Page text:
(7) The sampling point is located before any water treatment, pressure
tanks, or holding tanks.
(1) A well log of the lithologic units is required.
(2) Particle-size analysis and organic carbon content of major
lithologic units is very desirable.
Study Unit personnel will collect standard qual
ity-control and quality-assurance samples and stan
dard ground-water quality samples, however, it is
recommended that a total of six field-blank samples be
collected (20 percent of the 30 ground-water samples
collected in an Urban Land-Use Study). Previous
protocol required two to three samples (Koterba and
others, 1995), but recent Urban Land-Use Studies
have shown that this number of field blanks were inad
equate to verify the ground-water data. To better
quantify the type and potential magnitude of contami
nation bias, collect the six field-blank samples begin
ning with the 1st, then 6th, 12th, 18th, 24th, and 30th
ground-water sample. To better relate contamination
bias to possible site conditions, arrange the order of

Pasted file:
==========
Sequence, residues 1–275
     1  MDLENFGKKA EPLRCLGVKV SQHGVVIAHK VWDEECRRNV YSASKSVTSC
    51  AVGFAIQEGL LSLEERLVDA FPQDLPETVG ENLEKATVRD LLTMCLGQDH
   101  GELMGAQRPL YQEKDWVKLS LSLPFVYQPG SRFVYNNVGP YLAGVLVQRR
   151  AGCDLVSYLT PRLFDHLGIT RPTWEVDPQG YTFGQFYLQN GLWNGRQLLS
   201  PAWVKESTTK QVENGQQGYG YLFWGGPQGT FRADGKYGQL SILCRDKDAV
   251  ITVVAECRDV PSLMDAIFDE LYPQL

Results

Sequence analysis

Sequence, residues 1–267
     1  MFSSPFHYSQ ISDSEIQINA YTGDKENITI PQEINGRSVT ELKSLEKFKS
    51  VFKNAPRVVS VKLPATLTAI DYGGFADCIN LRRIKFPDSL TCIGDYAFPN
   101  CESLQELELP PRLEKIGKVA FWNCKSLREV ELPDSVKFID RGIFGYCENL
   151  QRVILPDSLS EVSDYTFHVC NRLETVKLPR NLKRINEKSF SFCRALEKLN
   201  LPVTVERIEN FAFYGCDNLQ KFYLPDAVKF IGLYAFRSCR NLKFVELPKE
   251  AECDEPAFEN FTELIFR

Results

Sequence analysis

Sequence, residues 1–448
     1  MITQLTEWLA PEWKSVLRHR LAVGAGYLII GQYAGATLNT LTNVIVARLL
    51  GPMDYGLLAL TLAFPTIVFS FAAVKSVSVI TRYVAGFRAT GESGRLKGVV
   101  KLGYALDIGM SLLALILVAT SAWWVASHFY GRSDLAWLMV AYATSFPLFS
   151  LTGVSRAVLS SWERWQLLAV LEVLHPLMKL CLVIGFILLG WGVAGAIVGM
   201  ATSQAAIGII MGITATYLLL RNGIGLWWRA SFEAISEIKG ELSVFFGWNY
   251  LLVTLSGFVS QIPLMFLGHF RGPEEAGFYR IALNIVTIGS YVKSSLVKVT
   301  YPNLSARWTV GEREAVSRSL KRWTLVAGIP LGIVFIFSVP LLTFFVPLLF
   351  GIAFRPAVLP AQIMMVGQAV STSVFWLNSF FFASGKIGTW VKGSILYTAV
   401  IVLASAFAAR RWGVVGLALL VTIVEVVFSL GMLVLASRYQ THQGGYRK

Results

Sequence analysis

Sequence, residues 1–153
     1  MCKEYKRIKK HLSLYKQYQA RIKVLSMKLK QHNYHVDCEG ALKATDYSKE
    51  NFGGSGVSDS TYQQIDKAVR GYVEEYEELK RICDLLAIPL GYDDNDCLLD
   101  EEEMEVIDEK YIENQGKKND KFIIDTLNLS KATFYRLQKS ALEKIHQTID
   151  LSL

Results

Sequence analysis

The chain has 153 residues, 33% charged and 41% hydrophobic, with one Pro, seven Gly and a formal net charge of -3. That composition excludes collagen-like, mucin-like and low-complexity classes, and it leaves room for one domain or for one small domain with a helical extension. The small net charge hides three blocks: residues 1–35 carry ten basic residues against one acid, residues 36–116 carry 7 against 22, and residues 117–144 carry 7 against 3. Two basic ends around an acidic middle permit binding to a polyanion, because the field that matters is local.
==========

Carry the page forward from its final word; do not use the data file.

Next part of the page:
sampling sites so that the field blanks are collected at
diverse site conditions.
Chemical analysis may include, but are not
limited to, major ions, nutrients, pesticides, volatile
organic chemicals (VOCs), and tritium which is
discussed under objective 2. Sampling procedures
have been described by Koterba and others (1995).
Once contaminants have been identified, defin
ing the source of contamination is of critical interest.
In past Urban Land-Use Studies, little has been done
to define the source of contamination. Therefore, more
detailed ancillary data will be collected for future
Urban Land-Use Studies to help define the source of
Natural and human factors affect the occurrence
of contaminants in shallow aquifers. Natural factors,
such as the organic carbon content of the aquifer mate
rial, may limit the amount of contamination detected
in shallow ground water. Human factors, such as prox
imity to commercial areas and highways, may explain
the presence or absence of contaminants at a particular
location. Within the residential and commercial land-
use area, there are many potential sources of contami
nation, but there may be certain land-use activities that